The last of a dying breed.
Born in Mexico City, Rafael Gallur, who signs his work under the pseudonym Garr, is one of the best know and most popular artists to come out of Mexico in the past few decades. Starting his career as an assistant to famed artist Zotico Fonseca, his first published work appeared in the newspaper, La Prensa. Rafael soon landed in the publishing house Edar, later known as Vid, illustrating numerous comic book titles like Mini Aventuras, MiniPoliciaras, and Mini Terror. (Mini being the digest sized format most used in Mexico) Gallur soon started to be noticed for his dynamic covers for the comic company Ejea, drawing the gangster title,Frank Klein, as well as Sangre India, and Poseion Diabolica. All the artist’s flashy and often over-the-top covers and pages he produced in the 1970s and 1980s were of many different genres, whether it be Westerns, horror, detective, adventure, erotic, or suspense. But my favorite work of this talented south of the border artist are his painted covers and lushly designed pages he produced for Mexico’s wrestling comic titles such as Blue Demon,Sensacionales de Luchas and Arena, just to name a few.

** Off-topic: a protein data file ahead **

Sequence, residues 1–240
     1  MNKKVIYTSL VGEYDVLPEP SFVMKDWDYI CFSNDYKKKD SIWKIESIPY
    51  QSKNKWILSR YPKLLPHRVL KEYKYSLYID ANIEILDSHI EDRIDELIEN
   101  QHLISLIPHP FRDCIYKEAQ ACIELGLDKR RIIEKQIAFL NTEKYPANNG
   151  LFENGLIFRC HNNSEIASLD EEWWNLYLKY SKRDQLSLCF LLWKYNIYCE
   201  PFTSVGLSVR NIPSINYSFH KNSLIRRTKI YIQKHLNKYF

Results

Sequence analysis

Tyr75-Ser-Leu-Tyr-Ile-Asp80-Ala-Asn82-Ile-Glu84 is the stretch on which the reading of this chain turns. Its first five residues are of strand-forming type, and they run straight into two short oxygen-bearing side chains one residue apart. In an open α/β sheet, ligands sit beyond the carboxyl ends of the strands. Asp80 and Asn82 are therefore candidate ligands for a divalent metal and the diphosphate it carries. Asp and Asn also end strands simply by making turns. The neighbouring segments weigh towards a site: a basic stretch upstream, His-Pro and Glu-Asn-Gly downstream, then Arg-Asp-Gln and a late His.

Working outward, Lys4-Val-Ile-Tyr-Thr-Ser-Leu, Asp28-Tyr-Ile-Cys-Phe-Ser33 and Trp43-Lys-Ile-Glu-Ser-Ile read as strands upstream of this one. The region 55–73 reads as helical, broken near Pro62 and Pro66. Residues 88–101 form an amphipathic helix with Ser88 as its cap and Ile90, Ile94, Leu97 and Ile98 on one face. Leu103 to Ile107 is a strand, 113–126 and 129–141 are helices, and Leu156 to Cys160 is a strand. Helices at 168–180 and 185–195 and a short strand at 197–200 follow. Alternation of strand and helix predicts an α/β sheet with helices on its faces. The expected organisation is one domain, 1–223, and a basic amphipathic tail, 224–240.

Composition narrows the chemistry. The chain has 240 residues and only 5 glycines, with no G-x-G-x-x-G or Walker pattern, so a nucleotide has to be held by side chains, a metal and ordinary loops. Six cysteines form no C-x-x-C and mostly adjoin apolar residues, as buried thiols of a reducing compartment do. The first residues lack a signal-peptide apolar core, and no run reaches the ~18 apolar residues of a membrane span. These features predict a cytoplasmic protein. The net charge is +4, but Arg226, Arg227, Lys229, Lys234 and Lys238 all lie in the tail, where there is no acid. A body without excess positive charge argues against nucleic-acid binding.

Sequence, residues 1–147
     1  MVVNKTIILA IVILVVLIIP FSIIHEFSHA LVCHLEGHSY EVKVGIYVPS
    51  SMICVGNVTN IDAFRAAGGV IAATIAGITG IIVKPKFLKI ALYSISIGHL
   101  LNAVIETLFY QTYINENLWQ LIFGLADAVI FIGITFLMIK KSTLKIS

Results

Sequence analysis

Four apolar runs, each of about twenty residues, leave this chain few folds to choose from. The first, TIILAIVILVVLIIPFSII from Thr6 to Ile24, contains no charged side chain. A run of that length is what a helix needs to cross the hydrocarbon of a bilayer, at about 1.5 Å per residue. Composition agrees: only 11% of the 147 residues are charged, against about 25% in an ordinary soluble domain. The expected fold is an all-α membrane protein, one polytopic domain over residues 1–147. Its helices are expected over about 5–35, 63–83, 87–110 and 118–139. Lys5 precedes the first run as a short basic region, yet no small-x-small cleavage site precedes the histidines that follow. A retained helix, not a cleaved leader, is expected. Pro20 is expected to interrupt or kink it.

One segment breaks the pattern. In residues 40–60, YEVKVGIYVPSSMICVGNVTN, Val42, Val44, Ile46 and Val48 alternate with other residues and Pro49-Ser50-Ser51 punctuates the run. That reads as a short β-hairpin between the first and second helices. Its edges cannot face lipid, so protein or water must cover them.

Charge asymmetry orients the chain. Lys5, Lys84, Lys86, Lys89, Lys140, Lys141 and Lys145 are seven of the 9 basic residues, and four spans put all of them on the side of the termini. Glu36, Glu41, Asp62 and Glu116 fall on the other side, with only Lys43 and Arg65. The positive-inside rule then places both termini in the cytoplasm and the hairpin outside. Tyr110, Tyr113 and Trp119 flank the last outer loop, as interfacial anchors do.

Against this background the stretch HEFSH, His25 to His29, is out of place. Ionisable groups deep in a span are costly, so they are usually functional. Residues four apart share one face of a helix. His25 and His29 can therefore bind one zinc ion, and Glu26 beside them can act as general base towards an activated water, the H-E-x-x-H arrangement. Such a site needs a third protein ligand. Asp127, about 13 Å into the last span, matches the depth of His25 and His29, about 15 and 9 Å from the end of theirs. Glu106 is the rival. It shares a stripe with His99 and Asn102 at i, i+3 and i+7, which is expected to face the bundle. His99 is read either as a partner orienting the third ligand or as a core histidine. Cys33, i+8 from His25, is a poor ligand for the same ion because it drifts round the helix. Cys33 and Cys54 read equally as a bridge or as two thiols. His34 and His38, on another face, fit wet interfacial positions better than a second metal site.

From the tremendous success of his wrestling career as Santo, Rodolfo Guzmán Huerta was approached in 1952 by editor Jose Guadaloupe Cruz to produce as series of comics based on the character. Using a technique he developed years before of collage and photo composition for his comic books, the Golden Age of Santo debuted on September 3, 1952. In the origin story we have a masked avenger helping the defenseless citizens of Santa Cruz from crime lords, when our hero is mortally wounded one night by a gangster, he struggles to return home to his young son. Santo requests the boy to carry on the legacy wearing the famous silver mask, as the tale jumps sixteen years in the future to see the new Santo avenge his father’s murder. Starting out fighting common criminals in the first issues, the series later took a weird turn in the 1960s as Santo now fought supernatural forces and weird villains. Sporting painted covers by Jose G. Cruz, there were plenty of witches, vampires, mummies, zombies, werewolves, and an occasional troll to fight our wrestling hero. Since Santo and the supporting characters were photographed, cut, and pasted onto the comic pages, while the weekly villains were usually drawn into place, it created a different “scrap book” effect that provided interesting compositions not seen in other comics.